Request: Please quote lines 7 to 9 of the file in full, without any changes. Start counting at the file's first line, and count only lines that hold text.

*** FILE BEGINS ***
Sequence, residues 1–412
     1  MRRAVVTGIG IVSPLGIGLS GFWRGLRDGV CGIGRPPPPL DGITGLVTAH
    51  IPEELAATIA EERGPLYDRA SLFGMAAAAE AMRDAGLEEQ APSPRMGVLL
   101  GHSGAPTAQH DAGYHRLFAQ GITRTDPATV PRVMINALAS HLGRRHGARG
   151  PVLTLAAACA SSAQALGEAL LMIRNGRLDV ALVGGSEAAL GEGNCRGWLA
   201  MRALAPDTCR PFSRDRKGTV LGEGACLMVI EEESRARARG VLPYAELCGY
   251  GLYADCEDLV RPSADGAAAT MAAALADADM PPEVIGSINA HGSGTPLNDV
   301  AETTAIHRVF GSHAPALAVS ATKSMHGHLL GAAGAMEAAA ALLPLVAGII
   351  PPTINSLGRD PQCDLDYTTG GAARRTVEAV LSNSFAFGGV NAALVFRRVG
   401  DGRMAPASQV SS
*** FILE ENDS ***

   251  GLYADCEDLV RPSADGAAAT MAAALADADM PPEVIGSINA HGSGTPLNDV
   301  AETTAIHRVF GSHAPALAVS ATKSMHGHLL GAAGAMEAAA ALLPLVAGII
   351  PPTINSLGRD PQCDLDYTTG GAARRTVEAV LSNSFAFGGV NAALVFRRVG